James Sunderland backs the Down Syndrome Bill which will be debated in the House of Commons on Friday 26 November 2021.
The Down Syndrome Bill has been introduced as Dr Liam Fox’s Private Members’ Bill. Dr Fox was selected in the Private Members’ Ballot to bring forward a Bill of his own choosing for this Parliamentary session – only twenty MPs each parliamentary session are drawn at random in the ballot. Dr Fox, a former NHS Doctor and GP, decided to use this unique opportunity to bring forward the ‘Down Syndrome Bill’ as his Private Members’ Bill.
The Government announced last week that it will support the Down Syndrome Bill. This means the Down Syndrome Act 2022 (as it will become) will improve provision and outcomes for all those living with Down syndrome in England. This will encompass, amongst other areas, maternity care, education, health, social care and employment.
The National Down Syndrome Policy Group has launched a new campaign in support of the Bill. The ‘Stand Up for Down Syndrome’ campaign includes a Change.org petition which has attracted the signatures of 30,283 people with Down syndrome, their families and supporters. Thousands of constituents have written to their MPs as part of the campaign urging them to support the Bill.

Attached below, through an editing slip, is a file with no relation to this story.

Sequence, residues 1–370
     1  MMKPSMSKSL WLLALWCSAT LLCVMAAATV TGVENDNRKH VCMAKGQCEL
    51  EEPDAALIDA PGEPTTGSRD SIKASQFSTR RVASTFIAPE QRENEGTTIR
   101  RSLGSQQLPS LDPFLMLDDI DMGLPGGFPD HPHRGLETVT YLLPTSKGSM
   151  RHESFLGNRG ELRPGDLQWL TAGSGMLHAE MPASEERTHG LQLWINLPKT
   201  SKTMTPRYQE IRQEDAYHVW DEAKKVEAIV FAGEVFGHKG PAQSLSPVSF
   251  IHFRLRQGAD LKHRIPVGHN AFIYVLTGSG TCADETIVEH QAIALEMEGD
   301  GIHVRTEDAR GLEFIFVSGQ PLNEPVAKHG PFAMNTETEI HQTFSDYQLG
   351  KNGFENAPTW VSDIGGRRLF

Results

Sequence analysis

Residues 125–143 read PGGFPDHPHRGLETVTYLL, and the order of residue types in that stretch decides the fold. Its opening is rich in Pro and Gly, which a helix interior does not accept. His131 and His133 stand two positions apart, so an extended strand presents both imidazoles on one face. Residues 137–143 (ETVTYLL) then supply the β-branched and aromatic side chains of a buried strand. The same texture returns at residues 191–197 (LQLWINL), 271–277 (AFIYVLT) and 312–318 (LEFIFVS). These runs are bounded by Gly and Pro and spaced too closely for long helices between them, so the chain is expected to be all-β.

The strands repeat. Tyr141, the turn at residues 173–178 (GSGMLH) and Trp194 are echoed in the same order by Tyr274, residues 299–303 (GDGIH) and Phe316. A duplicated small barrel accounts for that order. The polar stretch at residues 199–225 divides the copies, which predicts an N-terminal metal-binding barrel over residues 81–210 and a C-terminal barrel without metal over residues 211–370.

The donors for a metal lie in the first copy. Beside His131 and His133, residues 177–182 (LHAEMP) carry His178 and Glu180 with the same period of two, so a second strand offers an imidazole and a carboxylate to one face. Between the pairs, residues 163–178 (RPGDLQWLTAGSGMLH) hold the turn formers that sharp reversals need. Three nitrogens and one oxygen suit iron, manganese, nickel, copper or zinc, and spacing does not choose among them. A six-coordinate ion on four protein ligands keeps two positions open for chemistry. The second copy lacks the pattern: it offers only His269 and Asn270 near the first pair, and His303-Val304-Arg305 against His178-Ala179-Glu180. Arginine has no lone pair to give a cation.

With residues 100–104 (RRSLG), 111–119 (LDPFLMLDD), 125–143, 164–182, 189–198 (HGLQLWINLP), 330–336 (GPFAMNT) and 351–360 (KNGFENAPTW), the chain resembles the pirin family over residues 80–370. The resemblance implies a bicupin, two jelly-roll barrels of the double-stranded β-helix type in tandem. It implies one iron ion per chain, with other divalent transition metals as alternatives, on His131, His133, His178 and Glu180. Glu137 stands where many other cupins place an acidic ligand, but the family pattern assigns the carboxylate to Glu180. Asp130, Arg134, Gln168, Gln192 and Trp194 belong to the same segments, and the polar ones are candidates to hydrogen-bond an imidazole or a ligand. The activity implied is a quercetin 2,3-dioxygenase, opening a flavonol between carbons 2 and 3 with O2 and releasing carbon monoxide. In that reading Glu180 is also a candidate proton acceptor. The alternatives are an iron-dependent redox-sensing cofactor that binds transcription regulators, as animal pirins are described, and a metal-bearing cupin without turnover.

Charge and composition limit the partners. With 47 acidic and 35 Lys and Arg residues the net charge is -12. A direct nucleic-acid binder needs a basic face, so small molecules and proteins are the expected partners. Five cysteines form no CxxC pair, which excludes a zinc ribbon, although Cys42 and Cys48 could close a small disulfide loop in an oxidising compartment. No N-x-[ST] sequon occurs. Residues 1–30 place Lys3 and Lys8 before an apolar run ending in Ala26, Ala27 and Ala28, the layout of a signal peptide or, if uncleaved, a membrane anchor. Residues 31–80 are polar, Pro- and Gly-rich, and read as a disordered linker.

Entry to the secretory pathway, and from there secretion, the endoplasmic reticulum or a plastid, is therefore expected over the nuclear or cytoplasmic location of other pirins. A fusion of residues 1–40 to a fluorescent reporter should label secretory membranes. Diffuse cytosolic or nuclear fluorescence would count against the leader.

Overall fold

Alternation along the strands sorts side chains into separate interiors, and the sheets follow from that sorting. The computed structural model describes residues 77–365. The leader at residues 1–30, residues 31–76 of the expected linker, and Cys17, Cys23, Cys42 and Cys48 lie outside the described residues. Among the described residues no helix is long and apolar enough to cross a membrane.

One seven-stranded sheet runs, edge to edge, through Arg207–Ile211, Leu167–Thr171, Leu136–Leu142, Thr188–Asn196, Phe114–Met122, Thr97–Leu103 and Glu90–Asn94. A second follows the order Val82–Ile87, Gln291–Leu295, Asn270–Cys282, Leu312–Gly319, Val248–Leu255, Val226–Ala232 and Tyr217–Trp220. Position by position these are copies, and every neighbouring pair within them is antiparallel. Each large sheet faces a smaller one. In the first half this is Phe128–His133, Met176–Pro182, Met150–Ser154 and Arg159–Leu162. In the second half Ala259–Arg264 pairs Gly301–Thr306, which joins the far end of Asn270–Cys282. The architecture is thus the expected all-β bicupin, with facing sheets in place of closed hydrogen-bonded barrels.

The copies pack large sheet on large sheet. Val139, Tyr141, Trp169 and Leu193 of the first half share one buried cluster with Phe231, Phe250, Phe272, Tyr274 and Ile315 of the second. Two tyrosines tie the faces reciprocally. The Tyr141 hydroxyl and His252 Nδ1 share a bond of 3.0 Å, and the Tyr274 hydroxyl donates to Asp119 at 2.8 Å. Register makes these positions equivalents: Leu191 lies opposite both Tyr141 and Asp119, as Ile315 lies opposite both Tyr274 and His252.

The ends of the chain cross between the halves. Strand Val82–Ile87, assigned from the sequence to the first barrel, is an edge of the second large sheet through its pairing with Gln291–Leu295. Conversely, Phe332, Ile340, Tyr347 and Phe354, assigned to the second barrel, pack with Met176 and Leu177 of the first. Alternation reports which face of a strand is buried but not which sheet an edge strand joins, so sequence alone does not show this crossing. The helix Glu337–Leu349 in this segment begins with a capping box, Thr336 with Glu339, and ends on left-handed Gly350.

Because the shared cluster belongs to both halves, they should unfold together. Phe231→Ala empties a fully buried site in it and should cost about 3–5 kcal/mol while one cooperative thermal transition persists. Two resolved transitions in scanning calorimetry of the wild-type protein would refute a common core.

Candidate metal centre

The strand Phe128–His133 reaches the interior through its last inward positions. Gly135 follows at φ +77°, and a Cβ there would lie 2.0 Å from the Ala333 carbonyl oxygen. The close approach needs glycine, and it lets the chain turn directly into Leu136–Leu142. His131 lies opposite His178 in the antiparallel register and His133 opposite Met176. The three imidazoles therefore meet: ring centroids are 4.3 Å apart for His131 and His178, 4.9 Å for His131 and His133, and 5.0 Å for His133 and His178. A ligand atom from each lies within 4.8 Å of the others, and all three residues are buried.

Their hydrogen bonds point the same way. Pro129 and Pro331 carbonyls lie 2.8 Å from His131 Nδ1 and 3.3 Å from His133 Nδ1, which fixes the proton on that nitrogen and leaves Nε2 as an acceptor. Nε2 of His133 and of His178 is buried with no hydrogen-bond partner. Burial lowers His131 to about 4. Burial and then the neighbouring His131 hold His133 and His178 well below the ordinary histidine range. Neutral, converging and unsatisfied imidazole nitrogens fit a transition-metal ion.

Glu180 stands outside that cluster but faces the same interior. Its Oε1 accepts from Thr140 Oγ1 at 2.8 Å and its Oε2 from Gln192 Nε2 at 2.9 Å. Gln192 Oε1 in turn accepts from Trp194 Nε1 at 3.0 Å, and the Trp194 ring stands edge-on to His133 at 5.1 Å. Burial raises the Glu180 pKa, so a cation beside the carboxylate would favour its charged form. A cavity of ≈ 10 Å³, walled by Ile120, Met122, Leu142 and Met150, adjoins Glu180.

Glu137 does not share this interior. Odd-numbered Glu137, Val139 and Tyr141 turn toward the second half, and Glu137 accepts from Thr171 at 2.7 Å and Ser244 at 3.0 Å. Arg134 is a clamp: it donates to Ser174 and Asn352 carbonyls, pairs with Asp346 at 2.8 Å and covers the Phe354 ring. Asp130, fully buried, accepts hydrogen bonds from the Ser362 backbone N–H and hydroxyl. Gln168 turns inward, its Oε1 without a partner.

James Sunderland said:
“I am very happy to support the Down Syndrome Bill and I am pleased that it has Government support. For the first time people with Down syndrome are beginning to outlive their parents, so it is important that we take action on this now. This is also a chance for us to go much further to ensure those with Down syndrome can access all the health, education and social care services they need. I welcome this Bill.”
Down Syndrome Bill sponsor, The Rt Hon Dr Liam Fox MP said:
“I am thrilled to bring forward a Bill to deal with the issues faced by those with Down syndrome. My aim is to deal with three main areas. The first is to de-stigmatise Down syndrome. The second is to ensure that current provision of services is improved. The third is to look ahead and deal with future issues, such as long-term care, in an era where, for the first time, many of those with Down syndrome will outlive their parents.”